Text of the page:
With blocks failing safety checks, UK's Theresa May calls for more tests

Workers removing cladding from the Whitebeam Court tower block in Salford, north west England on June 26, 2017.
Workers removing cladding from the Whitebeam Court tower block in Salford, north west England on June 26, 2017.PHOTO: AFP

LONDON (REUTERS) - British Prime Minister Theresa May appealed to landlords of high-rise buildings on Monday (June 26) to allow potentially flammable building material to be tested, seeking to reassure residents after a tower block fire killed 79 people in London.

The Grenfell Tower blaze, which trapped dozens of people in their beds, has become a focus of anger at the Conservative government's austerity cuts and the perceived slow response in trying to look after those who escaped.

It was "concerning" that 100 per cent of tests done on the"cladding" - panels placed on the outside of buildings - from 60 high-rise blocks in England had failed combustibility checks, May's spokesman said.

May, who scored a deal with a Northern Irish party to prop up her minority government on Monday, wants to repair her authority by showing leadership in dealing with the aftermath of the June 14 Grenfell disaster, but faces criticism by her political opponents.

"Clearly it's concerning, concerning for residents who are living in these blocks," the spokesman told reporters at a regular government briefing.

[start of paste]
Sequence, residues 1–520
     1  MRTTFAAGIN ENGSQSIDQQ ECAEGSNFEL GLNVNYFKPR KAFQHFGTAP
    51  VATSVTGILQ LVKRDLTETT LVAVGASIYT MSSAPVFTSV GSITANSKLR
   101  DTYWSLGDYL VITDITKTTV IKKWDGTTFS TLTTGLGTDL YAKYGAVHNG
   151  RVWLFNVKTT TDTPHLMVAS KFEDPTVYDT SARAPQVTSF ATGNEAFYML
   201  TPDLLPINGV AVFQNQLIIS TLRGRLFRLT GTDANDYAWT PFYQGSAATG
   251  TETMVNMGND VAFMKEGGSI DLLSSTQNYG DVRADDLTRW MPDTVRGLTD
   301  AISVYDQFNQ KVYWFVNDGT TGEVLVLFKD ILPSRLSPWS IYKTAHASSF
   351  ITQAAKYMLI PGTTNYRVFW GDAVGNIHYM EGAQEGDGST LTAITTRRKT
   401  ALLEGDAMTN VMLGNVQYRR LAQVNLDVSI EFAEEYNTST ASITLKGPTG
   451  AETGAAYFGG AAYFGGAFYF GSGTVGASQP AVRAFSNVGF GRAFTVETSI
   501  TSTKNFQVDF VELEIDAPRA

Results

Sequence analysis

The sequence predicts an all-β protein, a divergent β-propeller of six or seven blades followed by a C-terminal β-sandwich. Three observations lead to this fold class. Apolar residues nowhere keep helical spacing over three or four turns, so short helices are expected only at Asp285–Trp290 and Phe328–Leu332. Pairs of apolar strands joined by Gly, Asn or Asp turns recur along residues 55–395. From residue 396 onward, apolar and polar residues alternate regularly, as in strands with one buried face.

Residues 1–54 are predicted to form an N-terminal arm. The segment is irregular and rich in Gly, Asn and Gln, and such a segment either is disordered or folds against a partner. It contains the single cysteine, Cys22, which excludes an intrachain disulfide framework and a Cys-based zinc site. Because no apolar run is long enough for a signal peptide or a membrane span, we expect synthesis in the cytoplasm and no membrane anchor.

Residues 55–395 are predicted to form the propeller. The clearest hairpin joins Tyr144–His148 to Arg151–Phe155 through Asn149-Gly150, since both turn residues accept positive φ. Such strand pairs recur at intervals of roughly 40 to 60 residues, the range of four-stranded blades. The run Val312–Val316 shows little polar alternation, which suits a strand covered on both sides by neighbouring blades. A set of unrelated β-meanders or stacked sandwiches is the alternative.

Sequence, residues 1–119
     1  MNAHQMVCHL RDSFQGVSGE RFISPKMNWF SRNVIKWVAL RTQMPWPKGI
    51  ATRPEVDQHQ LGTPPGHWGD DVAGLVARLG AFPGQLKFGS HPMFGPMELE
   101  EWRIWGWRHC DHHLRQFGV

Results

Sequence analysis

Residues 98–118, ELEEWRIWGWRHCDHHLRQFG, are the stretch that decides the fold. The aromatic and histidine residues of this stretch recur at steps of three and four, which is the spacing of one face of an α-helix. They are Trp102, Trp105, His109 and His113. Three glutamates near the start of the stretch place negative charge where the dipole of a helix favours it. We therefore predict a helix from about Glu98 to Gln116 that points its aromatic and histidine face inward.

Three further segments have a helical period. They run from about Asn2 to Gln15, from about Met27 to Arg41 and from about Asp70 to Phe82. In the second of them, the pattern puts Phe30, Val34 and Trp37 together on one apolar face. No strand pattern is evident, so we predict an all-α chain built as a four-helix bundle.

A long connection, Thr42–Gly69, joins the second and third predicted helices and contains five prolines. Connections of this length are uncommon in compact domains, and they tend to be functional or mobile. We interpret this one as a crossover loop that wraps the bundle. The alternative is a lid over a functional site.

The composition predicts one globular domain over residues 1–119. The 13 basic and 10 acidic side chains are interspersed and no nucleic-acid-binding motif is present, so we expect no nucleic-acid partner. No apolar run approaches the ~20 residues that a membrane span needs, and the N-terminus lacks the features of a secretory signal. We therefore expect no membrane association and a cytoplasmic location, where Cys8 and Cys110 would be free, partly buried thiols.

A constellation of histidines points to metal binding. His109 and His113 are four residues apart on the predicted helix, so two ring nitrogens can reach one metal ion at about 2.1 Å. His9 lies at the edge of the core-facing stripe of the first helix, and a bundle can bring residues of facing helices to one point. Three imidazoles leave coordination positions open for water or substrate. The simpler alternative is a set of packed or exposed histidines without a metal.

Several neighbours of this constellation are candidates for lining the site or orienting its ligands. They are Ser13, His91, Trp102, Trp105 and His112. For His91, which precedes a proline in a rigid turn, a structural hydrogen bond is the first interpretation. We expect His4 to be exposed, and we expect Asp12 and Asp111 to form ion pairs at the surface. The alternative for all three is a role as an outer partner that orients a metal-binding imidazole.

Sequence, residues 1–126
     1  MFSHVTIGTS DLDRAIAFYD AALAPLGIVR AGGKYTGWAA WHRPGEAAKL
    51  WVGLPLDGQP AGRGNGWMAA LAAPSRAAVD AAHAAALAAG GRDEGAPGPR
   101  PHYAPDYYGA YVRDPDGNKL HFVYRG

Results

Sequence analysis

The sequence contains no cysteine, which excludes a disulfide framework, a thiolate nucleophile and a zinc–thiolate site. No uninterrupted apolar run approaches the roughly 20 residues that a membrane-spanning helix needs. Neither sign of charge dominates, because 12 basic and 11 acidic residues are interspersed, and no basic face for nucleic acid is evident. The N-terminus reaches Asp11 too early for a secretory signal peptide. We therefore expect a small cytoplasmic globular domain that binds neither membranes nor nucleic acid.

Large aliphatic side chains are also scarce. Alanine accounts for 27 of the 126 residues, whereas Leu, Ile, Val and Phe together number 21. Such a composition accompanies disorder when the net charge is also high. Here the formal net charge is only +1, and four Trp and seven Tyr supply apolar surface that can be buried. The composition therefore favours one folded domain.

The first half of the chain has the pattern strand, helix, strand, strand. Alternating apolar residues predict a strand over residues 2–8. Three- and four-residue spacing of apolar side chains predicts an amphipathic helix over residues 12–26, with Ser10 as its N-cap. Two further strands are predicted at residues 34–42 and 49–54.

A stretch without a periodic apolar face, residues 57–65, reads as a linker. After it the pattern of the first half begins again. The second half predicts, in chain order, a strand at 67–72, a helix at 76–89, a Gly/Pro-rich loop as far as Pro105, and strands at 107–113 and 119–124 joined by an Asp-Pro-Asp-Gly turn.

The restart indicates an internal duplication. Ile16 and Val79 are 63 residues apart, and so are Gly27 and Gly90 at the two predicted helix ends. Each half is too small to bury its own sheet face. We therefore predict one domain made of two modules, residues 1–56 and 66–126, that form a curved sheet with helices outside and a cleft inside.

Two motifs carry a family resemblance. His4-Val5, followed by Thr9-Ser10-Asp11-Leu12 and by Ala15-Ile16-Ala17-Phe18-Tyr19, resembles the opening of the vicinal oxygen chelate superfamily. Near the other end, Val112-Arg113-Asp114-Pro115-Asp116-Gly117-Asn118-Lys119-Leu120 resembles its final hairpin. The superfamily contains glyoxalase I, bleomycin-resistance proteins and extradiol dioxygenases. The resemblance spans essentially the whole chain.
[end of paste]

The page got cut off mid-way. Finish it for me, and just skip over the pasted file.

"That's why we have put in place a system where testing can be carried out very quickly and whereby local authorities are informed immediately when a positive test comes back and that appropriate measures are put in place," he said.


Responding to criticism that the testing programme was not running quickly enough, he said landlords must get potentially flammable building materials tested as soon as possible.


Material should also be tested in schools and hospitals if there were safety concerns there too.


Some six hundred buildings are being tested, showing how widely combustible cladding may have been used across Britain. "It is clearly of huge concern that this is the case, the spokesman said.

"What is apparent is that this is on buildings across the country ... Obviously the job for the public inquiry will be to find out how and why this happened," he said, hoping there would be an earlier interim report to cast some light on why such materials were used and whether they met safety requirements.